7. Are you an editorial agent? If so, what is your process like when you’re working with your authors before submitting to editors?

I am definitely an editorial agent and believe strongly in sending out the most polished manuscript possible to editors. The market is competitive, and I think it’s vital these days to go out with your very best work.

When editing for a client I go through the manuscript and insert comments into the margins. I do some light line editing, but the bulk of my commentary is big picture stuff. I like to ask a lot of questions, point out inconsistencies, and highlight areas of the manuscript that either need to be fleshed out or cut down. While I’m doing this critical read-through and inserting comments for the author, I also keep a pad of paper on hand and jot down notes for myself. These notes become the bones of the editorial letter that I write. I usually break my edit letters into sections, focusing on big picture elements like plot, character development, and structure. In addition to pointing out the weaknesses of a manuscript, I also use edit letters to really gush about the things I love. Reading a manuscript through a second time, with a close, critical eye for edits reminds me why I fell in love with the book in the first place.

I like to give my authors a couple of days to absorb my notes before we discuss revisions. Even if the edits are light, it can still be overwhelming to receive an onslaught of feedback, and I think that giving authors a few days to read through both the letter and the notes in the manuscript and sit with everything helps bring defenses down and let the creative juices start flowing. I like to schedule a call for a few days out so we can talk through everything together and determine how to proceed.

Although I feel confident that the suggestions I make will lead to a better book, I always make sure my clients know that they retain creative control over their work. It’s not my book—it’s theirs. And if I make a suggestion that doesn’t ring true to them I always want them to be comfortable telling me so. We’ll work together to find another solution that feels right.

Query Methods and Submission Guidelines: (Always verify before submitting)
8. How should authors query you and what do you want to see with the query letter?

I accept email submissions at a dedicated email address: kvs.submissions@gmail.com

Please include a traditional query letter and the first chapter of your novel in the body of the email. I do not open attachments. If you’re new to the query trenches I strongly suggest that you do your research. Writing a successful query letter is hard. It’s an entirely different skillset than that required for writing a novel. But it’s your one chance to make an impression, so don’t waste it.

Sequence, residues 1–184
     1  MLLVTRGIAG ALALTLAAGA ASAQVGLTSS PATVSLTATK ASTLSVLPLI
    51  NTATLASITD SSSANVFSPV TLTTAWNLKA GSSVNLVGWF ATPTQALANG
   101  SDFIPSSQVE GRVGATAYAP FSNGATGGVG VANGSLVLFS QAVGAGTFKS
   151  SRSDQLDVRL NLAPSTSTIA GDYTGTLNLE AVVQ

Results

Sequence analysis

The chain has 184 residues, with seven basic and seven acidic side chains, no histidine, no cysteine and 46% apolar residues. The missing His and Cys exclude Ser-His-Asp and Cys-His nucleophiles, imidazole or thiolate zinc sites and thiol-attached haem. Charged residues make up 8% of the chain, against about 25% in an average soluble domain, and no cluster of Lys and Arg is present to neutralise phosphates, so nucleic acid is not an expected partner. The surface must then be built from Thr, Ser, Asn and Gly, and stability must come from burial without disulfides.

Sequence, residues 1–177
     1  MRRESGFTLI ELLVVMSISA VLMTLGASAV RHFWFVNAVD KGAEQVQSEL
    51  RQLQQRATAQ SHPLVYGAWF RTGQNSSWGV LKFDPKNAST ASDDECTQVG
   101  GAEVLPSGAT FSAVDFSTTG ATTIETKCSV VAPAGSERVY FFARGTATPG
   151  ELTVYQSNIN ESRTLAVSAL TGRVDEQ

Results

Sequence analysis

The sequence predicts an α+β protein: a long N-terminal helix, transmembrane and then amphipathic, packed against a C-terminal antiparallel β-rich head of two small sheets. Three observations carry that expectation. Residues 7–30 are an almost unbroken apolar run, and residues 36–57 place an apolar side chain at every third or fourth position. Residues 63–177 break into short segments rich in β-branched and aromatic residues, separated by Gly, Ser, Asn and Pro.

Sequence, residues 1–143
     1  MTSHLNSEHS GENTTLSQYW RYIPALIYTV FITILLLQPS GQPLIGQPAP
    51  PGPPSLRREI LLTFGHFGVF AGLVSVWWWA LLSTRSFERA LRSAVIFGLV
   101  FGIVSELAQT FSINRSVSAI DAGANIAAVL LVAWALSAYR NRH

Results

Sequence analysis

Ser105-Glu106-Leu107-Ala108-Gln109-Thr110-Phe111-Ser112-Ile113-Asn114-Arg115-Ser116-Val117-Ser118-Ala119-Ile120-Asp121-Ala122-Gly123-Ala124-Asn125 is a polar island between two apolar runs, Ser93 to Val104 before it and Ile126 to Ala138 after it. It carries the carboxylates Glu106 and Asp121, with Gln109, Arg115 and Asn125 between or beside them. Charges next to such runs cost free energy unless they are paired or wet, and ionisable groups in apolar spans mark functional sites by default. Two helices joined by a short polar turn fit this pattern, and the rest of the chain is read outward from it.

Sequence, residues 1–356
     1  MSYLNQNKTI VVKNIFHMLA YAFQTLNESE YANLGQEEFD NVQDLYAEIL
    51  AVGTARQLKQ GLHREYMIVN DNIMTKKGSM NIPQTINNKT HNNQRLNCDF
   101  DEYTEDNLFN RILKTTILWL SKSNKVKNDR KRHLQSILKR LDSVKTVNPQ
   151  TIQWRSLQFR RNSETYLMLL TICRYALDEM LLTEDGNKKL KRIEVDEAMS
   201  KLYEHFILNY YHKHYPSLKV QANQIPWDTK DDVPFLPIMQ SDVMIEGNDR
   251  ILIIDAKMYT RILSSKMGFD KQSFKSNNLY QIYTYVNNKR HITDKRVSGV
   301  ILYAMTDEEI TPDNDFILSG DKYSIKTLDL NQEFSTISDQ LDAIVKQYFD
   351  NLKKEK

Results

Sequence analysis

9. Do you have any specific dislikes in query letters or the first pages submitted to you?

It’s frustrating when queries waste time talking about everything except the story. I’m less interested in the themes of your work and what readers will learn from it than I am about the story: who, what, where, when, how. In terms of first pages, I find that so many writers are starting their story in the wrong place. Getting this right is crucial if you want me to be interested enough to read more.

Response Time:
10. What’s your response time to queries and requests for more pages of a manuscript?

I respond to all queries within 4 weeks and full manuscripts within 12 weeks.

Self-Published and Small Press Authors:
11. Are you open to representing authors who have self-published or been published by smaller presses? What advice do you have for them if they want to try to find an agent to represent them?

Yes! In fact, the first client I signed previously self-published a YA series. But she queried me with new work, and that’s the number one thing I’d advise self-published or authors published by small presses to do: query with new work. Don’t try to land an agent with a previously published book. Additionally, think seriously about why you want to make the switch from self-publishing to traditional publishing, and why you want an agent. I always ask those questions when on calls with previously published authors I’m interested in representing, so be prepared to answer then.

12. With all the changes in publishing—self-publishing, hybrid authors, more small publishers—do you see the role of agents changing at all? Why?